Emerging in the UK in the 1980s, Scratch Video established a paradoxical union of mass-media critique, Left-wing politics, and music-video and advertising aesthetics with its use of moving-image appropriation in the medium of videotape. Enabled by innovative professional and consumer video technologies, artists like George Barber, The Gorilla Tapes, and Sandra Goldbacher and Kim Flitcroft deployed a style characterized by the rapid sampling and manipulation of dissociated images drawn from broadcast television. Inspired by the cut-up methods of William Burroughs and the audio sampling practiced by contemporary black American musicians, these artists developed strategies for intervening in the audiovisual archive of television and disseminating its images in new contexts: in galleries and nightclubs, and on home video. Reconceptualizing video’s ‘body,’ Scratch’s appropriation of televisual images of the human form imagined a new hybrid image of the post-industrial body, a ‘third body’ representing a new convergence of human and machine.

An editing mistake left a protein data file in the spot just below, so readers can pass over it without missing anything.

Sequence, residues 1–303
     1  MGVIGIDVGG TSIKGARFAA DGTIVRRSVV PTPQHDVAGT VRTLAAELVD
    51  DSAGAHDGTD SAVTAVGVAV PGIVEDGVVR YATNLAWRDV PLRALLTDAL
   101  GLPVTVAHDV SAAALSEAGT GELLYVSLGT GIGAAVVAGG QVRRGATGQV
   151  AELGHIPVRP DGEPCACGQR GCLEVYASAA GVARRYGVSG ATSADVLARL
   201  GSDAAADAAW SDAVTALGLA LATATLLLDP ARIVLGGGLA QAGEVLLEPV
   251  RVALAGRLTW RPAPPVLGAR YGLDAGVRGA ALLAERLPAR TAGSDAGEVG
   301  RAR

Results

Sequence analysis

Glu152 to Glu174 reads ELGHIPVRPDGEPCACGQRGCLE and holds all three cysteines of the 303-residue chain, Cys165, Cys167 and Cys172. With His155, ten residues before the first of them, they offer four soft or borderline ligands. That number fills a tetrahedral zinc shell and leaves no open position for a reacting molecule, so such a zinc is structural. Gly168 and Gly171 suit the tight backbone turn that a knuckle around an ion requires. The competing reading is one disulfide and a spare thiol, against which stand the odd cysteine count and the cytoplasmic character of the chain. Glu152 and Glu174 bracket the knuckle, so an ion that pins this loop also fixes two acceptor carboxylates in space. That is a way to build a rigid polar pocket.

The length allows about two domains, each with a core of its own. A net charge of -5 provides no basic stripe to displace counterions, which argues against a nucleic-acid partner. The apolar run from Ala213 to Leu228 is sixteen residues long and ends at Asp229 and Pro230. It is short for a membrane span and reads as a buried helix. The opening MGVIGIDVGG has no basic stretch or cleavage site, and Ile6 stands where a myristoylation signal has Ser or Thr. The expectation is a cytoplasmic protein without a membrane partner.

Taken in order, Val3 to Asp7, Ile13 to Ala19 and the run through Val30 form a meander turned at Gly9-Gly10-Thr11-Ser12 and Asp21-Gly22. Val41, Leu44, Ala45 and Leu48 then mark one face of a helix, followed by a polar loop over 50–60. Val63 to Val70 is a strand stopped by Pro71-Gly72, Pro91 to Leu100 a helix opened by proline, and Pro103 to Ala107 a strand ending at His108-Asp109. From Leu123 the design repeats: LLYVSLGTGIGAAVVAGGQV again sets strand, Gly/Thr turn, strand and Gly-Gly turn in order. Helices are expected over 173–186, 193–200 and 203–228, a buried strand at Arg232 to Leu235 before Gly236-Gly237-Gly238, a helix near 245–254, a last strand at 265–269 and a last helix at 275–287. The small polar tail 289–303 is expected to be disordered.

scratch video, TV sampling/remixing, British video art, appropriation, found footage, videoprocessing, interactive spectatorship, posthumanism
Netherlands Institute for Sound and Vision
dx.doi.org/10.18146/2213-0969.2015.jethc097
VIEW Journal
Creative Commons Attribution-ShareAlike 4.0 International (CC BY-SA 4.0)
VIEW Journal of European Television History and Culture; Vol 4, No 8 (2015); 114-126

Goldsmith, Leo. (2015). Scratch's Third Body: Video Talks Back to Television. VIEW Journal, 4(8), 114–126. doi:10.18146/2213-0969.2015.jethc097